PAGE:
Why Land is Bananas - 15 Oct 2006
Before the cyclone hit Queensland in March 2006 you would pay $4kg for bananas. Now you pay around $11kg. What bought this monumental shift?
This is simply the law of supply and demand. High demand + small supply = high prices. Small demand + high supply = low prices.
And when it comes to land we are a few bananas short of a bunch. What’s that you say? How can land prices be high when you know if there is one thing Australia is full of - its land? What about those broad meadows you saw recently? Did it sink into the sea one night – Atlantis style?
Well, not really. Even with the land right in front of your eyes, the reason remains invisible.
Let me introduce a couple of little men called “Urban Boundary” and “Land Zoning”. This mischievous pair, sponsored by the State and Local Governments has chained up huge tracts of privately owned land.
Land Zoning means the government tells you what it can be used for i.e. Rural, Residential, Industrial. The outcome of this is that a land owner cannot split up their block and sell it off. Urban Boundary is the artificial divide that the State Government has put saying “this is country” and “this is suburbia”.
So although you may own the land you do not control it. But what does ownership mean if not control? It’s like buying a car from someone and then finding in the glove-box a notice – “this vehicle may under no circumstance be driven on a Sunday”.
Now this Urban Boundary may sound good but you are not going to stop the Urban Sprawl unless people stop having kids. The other alternative is Sardine City as promoted by their other catch phrase – “Urban Infilling”. Basically this mean when you look at a map of the city and you see gaps, these are potential “urban infills”. Eventually this may mean the park around the corner from you.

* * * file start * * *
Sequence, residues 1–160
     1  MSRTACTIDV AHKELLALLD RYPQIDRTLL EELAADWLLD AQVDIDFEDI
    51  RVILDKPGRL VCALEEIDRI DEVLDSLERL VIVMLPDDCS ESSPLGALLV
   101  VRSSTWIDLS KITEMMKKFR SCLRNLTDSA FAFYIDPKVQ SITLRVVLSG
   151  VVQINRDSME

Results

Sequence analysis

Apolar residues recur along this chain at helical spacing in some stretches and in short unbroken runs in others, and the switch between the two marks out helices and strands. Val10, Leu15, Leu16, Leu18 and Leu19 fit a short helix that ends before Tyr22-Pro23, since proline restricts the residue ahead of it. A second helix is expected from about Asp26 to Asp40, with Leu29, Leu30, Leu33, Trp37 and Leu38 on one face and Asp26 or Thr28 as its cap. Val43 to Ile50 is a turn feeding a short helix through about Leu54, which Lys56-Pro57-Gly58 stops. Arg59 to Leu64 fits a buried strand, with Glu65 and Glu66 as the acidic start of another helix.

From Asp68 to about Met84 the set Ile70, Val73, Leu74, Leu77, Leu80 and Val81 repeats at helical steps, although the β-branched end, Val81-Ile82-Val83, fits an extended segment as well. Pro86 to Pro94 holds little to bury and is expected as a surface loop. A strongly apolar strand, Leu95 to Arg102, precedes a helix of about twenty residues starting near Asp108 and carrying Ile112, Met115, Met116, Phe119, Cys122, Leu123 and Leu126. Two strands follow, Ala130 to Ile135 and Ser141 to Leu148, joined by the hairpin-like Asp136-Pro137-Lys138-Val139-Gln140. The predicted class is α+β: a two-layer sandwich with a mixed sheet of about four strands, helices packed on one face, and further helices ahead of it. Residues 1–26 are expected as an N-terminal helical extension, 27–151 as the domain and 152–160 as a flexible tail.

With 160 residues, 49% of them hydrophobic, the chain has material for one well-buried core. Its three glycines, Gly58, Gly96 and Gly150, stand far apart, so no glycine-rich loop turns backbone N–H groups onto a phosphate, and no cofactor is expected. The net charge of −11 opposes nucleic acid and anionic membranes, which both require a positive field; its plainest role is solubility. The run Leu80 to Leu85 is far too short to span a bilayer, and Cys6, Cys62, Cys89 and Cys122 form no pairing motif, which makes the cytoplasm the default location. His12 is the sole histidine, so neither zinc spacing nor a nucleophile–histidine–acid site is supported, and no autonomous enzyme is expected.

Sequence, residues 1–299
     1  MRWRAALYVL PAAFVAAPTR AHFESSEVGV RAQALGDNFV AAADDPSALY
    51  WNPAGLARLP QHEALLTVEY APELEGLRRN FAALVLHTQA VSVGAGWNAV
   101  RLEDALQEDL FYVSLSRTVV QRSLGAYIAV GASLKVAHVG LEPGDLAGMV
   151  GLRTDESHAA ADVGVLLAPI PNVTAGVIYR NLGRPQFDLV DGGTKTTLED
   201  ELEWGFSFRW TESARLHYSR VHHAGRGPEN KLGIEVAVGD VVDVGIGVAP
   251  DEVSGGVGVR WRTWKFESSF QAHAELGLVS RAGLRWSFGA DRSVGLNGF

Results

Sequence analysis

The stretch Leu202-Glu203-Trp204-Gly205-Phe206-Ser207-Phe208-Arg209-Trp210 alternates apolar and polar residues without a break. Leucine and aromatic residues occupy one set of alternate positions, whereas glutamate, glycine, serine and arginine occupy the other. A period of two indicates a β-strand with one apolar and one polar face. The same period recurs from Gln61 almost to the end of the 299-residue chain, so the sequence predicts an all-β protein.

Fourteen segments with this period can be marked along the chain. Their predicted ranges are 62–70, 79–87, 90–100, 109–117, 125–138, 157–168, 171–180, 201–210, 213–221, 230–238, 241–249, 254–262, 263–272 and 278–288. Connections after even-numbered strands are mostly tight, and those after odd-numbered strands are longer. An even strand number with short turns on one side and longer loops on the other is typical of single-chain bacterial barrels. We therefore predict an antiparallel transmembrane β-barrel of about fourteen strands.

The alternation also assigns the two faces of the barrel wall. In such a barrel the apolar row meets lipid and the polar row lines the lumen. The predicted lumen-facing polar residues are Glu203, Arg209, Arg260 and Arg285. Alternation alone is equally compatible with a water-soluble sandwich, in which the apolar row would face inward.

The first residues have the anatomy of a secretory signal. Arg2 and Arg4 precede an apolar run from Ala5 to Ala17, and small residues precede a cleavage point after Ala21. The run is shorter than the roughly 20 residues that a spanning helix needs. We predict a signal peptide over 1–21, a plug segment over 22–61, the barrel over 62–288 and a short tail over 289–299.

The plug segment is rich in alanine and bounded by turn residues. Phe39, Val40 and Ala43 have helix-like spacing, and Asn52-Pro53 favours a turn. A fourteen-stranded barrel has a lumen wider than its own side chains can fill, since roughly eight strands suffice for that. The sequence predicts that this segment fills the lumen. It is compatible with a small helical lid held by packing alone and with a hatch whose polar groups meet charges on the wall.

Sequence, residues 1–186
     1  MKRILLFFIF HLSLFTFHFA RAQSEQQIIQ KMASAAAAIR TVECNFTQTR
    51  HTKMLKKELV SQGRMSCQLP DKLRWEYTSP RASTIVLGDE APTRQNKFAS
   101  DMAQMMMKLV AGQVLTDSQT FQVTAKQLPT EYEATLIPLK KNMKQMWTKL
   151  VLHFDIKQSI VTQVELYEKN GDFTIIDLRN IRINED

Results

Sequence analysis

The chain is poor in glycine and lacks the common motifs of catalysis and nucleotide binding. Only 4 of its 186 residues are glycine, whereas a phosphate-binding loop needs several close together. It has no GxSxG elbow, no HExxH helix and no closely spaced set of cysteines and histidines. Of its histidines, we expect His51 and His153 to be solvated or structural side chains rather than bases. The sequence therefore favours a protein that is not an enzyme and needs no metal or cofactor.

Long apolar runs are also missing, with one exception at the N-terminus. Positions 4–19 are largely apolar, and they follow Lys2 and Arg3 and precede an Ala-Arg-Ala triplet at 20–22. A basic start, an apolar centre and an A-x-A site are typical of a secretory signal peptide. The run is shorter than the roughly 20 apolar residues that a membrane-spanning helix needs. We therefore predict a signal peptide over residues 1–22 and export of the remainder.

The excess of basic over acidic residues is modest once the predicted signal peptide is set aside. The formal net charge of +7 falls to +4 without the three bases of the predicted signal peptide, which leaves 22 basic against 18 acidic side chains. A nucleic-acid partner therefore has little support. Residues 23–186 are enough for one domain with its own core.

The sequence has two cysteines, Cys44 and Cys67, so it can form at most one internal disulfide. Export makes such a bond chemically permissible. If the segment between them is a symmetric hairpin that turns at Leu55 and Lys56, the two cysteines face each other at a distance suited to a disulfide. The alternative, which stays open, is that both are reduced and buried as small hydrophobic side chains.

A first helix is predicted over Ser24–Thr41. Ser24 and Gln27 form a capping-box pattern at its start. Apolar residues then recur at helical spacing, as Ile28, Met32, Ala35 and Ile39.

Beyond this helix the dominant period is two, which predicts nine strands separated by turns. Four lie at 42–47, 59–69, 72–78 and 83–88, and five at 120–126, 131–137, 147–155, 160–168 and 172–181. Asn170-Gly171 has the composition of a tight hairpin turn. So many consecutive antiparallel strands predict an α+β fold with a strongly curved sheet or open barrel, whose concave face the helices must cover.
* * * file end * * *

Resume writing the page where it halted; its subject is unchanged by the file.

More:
One side effect of these policies is the reduction of block sizes. Now this is fine if you are retired and have an empty nest, but a 350m2 doesn’t leave much room for kids to kick a footy, and if Mum or Dad are cooking dinner and can’t take them down to the park, the kid probably ends up watching TV or playing a video game. Thus one of the consequences of the loss of liberty in the property market is its contribution to childhood obesity.
Consider also these points:
at the least the State Government has a vested interest in the land tax it receives from land sales. The higher the land price the more the State Government gets.
The LMC (Land Management Corp. – the land selling arm of the State Government) can make more money by the slow release of land than by flooding the market. It’s a bit like diamonds – they remain expensive because for a long time the market has been monopolized, and the supply deliberately limited.
The SA government totes infrastructure cost as a reason for planning restriction. Yet houses can function independently (sewers, electricity, water) as they have for many people for many years. If you move to the country, I do not think you can demand the same services as in suburbia, but why not let the people weigh-up the infrastructure costs when considering to move? It is true that an upgrade of roads are required if large numbers move to more of the fringe, yet if the government doesn’t provide proper roads what does it provide? If large numbers are moving, let the funding move with them.
I am not saying that farmers need sell their land, nor that a bigger block is for everyone, nor that people should be forced to move from the city. What I am saying is this is a choice for the people to individually make, not for government.
And when did the government ever start making a better choice for your family than you did?
No Opportunities on the Property Market - Aug 2006 - by Alan Moran